Early Debridement versus Delayed Debridement in Paediatric Burns and the implications on outcomes

Dr Bronwyn Griffin1, Dr Hamseera  Dave2, Dr  Harry Jin3, Prof Roy Kimble4

1Centre For Children’s Burns And Trauma Research, South Brisbane, Australia, 2Mater Public Hospital, South Brisbane, Australia, 3Royal Brisbane and Women’s Hospital, Herston, Australia, 4Queensland Children’s Hospital, South Brisbane, Australia



It has been well defined in literature that early excision and grafting for larger burns effectively reduces morbidity, mortality and hospital length of stay for adult burns however little evidence supports the best option for paediatric burns.  This study aims to determine if there is indeed similar advantages in the paediatric population with burns ≥5% total burn surface area (TBSA).

Methods: Patients with superficial or deeper burns that cover ≥5% TBSA from 1st January 2013 to 31st December 2017 were extracted from the Queensland Paediatric Burns Registry and included in data analysis. Cox Regression was utilised to define the risk of delayed days to re-epithelialisation for those not going to theatre within 48 hours of injury.

Results: In total 343 patients were included in analysis,  n=143 patients were taken to theatre at some point and n=49 patients were taken to theatre within 48 hours of injury. Median time to theatre was 66.63 hours (SD=98.87) for all patients and for those within 48 hours, median time to theatre was 15.45 hours (SD=13.67). After adjusting for depth and TBSA%, there was a 33% reduced time to re-epithelialisation for those patients who went to theatre within 48 hours compared to those who didn’t, although not statistically significant (p=0.079), this finding remains clinically relevant.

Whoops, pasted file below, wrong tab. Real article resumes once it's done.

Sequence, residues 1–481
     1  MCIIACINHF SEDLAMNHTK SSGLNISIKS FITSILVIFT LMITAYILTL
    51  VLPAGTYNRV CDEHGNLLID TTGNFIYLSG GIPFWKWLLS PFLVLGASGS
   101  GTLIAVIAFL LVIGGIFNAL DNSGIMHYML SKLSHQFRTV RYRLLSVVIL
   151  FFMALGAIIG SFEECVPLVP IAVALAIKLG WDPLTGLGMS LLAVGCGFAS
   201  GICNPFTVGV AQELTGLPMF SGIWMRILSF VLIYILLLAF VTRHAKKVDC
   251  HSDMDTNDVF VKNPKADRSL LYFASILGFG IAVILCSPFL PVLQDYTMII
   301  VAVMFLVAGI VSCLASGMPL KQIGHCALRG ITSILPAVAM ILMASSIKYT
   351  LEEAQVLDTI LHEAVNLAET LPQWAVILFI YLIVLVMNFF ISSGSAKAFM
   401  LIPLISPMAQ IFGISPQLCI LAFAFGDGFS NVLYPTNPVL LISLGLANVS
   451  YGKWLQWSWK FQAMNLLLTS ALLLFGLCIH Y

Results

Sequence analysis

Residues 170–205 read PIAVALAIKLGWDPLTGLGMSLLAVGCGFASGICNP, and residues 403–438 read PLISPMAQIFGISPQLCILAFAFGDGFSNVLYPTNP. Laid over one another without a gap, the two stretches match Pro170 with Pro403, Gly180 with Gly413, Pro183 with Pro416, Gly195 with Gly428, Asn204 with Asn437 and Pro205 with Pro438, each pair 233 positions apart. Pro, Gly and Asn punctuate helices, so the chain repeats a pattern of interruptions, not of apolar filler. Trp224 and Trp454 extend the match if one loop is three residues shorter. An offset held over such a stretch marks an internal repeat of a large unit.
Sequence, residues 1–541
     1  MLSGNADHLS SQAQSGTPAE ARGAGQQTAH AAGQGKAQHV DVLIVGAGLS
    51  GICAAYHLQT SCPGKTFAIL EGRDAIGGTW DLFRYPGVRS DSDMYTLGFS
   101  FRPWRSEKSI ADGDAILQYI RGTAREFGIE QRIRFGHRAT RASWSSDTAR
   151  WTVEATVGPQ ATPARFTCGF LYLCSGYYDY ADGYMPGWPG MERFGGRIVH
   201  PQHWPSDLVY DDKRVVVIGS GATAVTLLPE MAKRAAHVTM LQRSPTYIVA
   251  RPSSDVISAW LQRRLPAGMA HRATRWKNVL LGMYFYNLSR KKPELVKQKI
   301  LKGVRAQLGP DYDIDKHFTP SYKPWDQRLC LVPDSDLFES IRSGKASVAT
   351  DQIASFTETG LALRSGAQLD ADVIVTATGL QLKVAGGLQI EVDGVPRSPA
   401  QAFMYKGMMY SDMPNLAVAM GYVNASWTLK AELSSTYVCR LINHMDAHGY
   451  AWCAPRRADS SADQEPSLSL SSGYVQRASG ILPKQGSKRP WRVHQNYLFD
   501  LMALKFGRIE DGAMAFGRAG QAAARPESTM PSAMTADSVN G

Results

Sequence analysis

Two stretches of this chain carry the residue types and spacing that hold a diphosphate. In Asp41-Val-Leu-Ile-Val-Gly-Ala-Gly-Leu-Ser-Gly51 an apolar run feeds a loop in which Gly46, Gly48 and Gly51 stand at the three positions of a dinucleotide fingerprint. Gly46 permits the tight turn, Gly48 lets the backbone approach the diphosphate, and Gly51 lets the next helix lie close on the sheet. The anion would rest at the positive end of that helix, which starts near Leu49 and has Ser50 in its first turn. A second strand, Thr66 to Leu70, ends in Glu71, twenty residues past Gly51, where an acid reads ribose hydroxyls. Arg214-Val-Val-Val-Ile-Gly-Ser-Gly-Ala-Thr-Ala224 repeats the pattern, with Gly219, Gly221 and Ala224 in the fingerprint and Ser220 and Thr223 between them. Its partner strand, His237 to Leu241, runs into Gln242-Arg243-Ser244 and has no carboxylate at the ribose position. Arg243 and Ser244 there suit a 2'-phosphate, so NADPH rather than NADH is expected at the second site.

Discussion: Following these results, additional analysis will be performed to examine the interactions of debridement within 48hours of burn injury and the risk of grafting to further inform the debate of early or delayed debridement in paediatric burns.


Dr Griffin has over 10 years’ experience Nursing in paediatric emergency departments across Australia before she first embarked on her PhD with the Centre of Children’s Burns and Trauma Research in 2009. Now Dr Griffin is a Senior Research Fellow based at the Queensland Children’s Hospital where her work supports the integrated spectrum of paediatric burn and trauma care from injury prevention/public health, first aid, acute care and quality of life outcomes.

In her spare time Bronwyn wrangles three school aged children, whom have had no choice but to grow up with a love the bush, books, beaches and baking.

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